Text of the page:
"In determining whether a federal court has personal jurisdiction over a defendant, the court must determine (1) whether the applicable statute potentially confers jurisdiction by authorizing service of process on the defendant and (2) whether the exercise of jurisdiction comports with due process." Trujillo v. Williams, 465 F.3d 1210, 1217 (10th Cir. 2006) (quoting Peay v. BellSouth Med. Assistance Plan, 205 F.3d 1206, 1209 (10th Cir. 2000)). The Colorado long-arm statute, Colo. Rev. Stat. § 13-1-124, has been construed to extend jurisdiction to the full extent permitted by the Constitution, so the jurisdictional analysis here reduces to a single inquiry of whether jurisdiction offends due process. See Pro Axess, Inc. v. Orlux Distrib., Inc., 428 F.3d 1270, 1276 (10th Cir. 2005); Archangel Diamond Corp. v. Lukoil, 123 P.3d 1187, 1193 (Colo. 2005). Personal jurisdiction comports with due process where a defendant has minimum contacts with the forum state and where those contacts are such that assuming jurisdiction does not offend "traditional notions of fair play and substantial justice." Int'l Shoe Co. v. Wash., 326 U.S. 310, 316 (1945). Minimum contacts may be established under the doctrines of general jurisdiction or specific jurisdiction. Where general jurisdiction is asserted over a nonresident defendant who has not consented to suit in the forum, minimum contacts exist if the plaintiff demonstrates that the defendant maintains "continuous and systematic general business contacts" in the state. OMI Holdings, Inc. v. Royal Ins. Co. of Canada, 149 F.3d 1086, 1091 (10th Cir. 1998). Plaintiff does not argue that defendant is subject to general jurisdiction in Colorado. See Docket No. 35 at 5. Therefore, the Court limits its discussion to this issue of specific jurisdiction.

Specific jurisdiction is present where the defendant has purposefully directed its activities at the residents of the forum and the litigation results from injuries that arise out of or relate to those activities. Soma Med. Int'l v. Standard Chartered Bank, 196 F.3d 1292, 1298 (10th Cir. 1999). The specific jurisdiction analysis is two-fold. First, the Court must determine whether a defendant has such minimum contacts with Colorado that the defendant "should reasonably anticipate being haled into court" here. World-Wide Volkswagen Corp. v. Woodson, 444 U.S. 286, 297 (1980). Within this inquiry, the Court must determine whether the defendant purposefully directed its activities at residents of the forum, Burger King Corp. v. Rudzewicz, 471 U.S. 462, 472 (1985), and whether plaintiff's claim arises out of or results from "actions by . . . defendant . . . that create a substantial connection with the forum State." Asahi Metal Indus. Co. v. Superior Court of Cal., 480 U.S. 102, 109 (1987) (internal quotations omitted). Second, if defendant's actions create sufficient minimum contacts, the Court must consider whether the exercise of personal jurisdiction over defendant offends "traditional notions of fair play and substantial justice." Id. at 105. This latter inquiry requires a determination of whether the Court's exercise of personal jurisdiction over the defendant is "reasonable" in light of the circumstances of the case. Id.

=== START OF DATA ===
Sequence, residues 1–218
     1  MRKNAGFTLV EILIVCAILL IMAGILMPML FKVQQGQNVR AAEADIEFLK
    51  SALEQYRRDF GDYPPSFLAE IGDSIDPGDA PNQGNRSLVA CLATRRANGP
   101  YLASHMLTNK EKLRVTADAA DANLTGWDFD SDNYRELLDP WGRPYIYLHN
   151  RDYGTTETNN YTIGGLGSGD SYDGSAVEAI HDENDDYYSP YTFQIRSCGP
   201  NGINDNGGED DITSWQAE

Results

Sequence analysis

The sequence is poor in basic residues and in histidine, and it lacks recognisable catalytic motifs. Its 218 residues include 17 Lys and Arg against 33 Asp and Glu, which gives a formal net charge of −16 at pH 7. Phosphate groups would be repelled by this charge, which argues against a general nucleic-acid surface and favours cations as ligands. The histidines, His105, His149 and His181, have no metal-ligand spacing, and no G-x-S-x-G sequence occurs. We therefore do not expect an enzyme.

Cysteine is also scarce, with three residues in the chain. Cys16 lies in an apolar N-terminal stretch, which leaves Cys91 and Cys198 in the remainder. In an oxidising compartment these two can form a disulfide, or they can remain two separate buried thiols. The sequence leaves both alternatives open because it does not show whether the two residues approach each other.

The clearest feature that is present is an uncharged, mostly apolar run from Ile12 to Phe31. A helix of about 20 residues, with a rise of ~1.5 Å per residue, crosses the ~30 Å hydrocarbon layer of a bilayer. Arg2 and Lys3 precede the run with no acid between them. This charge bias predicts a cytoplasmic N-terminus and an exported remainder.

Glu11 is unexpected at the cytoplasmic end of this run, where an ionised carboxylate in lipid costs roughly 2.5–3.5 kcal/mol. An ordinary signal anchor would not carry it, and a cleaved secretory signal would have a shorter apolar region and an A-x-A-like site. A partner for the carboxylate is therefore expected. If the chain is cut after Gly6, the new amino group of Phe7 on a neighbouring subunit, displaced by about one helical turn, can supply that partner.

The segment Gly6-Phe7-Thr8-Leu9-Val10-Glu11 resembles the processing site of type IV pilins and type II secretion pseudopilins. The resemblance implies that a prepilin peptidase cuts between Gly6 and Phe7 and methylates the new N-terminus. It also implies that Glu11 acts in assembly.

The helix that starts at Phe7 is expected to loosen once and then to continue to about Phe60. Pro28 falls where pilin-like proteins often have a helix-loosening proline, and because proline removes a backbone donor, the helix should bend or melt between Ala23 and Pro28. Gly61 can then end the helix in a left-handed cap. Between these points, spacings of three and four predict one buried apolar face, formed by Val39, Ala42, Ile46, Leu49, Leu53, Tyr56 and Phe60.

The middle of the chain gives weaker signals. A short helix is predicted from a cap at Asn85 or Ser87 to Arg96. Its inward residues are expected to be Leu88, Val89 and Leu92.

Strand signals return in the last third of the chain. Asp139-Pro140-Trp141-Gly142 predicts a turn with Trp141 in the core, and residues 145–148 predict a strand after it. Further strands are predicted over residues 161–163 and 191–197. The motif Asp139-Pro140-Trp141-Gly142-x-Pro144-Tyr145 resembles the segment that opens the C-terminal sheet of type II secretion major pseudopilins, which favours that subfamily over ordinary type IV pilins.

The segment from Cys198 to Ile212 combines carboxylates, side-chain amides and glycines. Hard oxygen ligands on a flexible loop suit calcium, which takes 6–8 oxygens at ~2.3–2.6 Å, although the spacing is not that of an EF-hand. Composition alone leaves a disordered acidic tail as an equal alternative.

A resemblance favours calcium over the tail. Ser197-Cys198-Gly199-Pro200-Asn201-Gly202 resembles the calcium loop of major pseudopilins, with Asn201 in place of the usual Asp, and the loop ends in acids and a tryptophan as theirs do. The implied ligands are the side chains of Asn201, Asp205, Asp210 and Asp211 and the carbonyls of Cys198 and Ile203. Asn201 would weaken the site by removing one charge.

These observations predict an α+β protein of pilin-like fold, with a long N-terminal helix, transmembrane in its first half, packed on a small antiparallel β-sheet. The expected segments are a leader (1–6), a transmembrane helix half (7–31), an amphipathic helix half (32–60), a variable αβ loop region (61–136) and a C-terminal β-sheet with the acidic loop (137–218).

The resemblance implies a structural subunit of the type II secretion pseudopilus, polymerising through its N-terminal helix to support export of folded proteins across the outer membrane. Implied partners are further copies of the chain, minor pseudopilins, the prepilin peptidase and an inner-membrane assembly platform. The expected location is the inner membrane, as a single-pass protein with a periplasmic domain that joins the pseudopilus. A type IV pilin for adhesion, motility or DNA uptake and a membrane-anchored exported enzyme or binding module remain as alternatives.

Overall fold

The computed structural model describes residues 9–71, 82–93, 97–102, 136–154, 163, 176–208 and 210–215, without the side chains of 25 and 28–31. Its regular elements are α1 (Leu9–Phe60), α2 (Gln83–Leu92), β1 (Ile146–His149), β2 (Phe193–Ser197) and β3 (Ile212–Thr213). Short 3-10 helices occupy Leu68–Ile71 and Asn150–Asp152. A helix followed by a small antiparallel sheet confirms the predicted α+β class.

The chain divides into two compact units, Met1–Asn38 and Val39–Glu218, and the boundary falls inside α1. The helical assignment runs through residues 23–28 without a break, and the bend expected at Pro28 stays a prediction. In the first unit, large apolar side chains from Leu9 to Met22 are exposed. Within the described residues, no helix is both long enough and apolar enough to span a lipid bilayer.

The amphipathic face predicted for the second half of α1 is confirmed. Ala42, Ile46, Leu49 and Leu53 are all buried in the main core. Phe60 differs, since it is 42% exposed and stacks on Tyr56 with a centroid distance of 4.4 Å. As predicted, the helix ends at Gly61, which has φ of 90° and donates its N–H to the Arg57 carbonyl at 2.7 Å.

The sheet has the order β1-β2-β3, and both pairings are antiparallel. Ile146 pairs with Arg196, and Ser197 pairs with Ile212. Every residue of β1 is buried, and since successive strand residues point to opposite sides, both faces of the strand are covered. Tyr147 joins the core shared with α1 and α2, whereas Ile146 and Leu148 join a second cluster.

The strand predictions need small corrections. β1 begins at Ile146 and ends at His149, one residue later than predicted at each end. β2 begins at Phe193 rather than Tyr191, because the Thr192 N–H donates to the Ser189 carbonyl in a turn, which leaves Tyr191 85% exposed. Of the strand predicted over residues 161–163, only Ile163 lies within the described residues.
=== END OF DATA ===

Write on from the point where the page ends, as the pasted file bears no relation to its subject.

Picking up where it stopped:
Plaintiff argues that specific jurisdiction exists in this case because defendant entered into a contract with plaintiff, which is governed by Colorado law, and because defendant directed communications related to the contract and the aftermath of the Shannon 4H well incident to plaintiff's representatives in Colorado. Docket No. 35 at 6. Defendant argues that, notwithstanding the choice of law provision in the contract, it did not actively solicit business in Colorado and the parties' commercial relationship was centered in Texas. Docket No. 38 at 5.

In Walden v. Fiore, 571 U.S. 277 (2014), the Supreme Court clarified that the "minimum contacts" analysis "looks to the defendant's contacts with the forum State itself, not the defendant's contacts with persons who reside there" and that "the same principles apply when intentional torts are involved." Id. at 285-86. In Walden, the Court held that a police officer who seized cash from plaintiffs in Georgia and helped draft an allegedly false affidavit to show probable cause for forfeiture of the funds - also in Georgia - was not subject to personal jurisdiction in Nevada simply because the officer knew that the plaintiffs had "strong forum connections" to Nevada. Id. at 289. In so holding, the Court clarified that it is error to "attribute[] a plaintiff's forum connections to the defendant and make[] those connections 'decisive' in the jurisdictional analysis." Id.

As recognized by the Tenth Circuit, Walden establishes that "personal jurisdiction cannot be based on interaction with a plaintiff known to bear a strong connection to the forum state." Rockwood Select Asset Fund XI (6)-1, LLC v. Devine, Millimet & Branch, 750 F.3d 1178, 1180 (10th Cir. 2014). "[A] defendant's relationship with a plaintiff or third party, standing alone, is an insufficient basis for jurisdiction." Old Republic Ins. Co. v. Cont'l Motors, Inc., 877 F.3d 895, 905 (10th Cir. 2017) (quoting Walden, 571 U.S. at 286). After Walden, "[a]ny decision that implies otherwise can no longer be considered authoritative." Advanced Tactical Ordnance Sys., LLC v. Real Action Paintball, Inc., 751 F.3d 796, 802 (7th Cir. 2014), as corrected (May 12, 2014). Thus, the jurisdictional inquiry hinges on whether defendant "purposefully exploited the [Colorado] market" or otherwise targeted the state. Id. ("after Walden there can be no doubt that 'the plaintiff cannot be the only link between the defendant and the forum'") (citation omitted).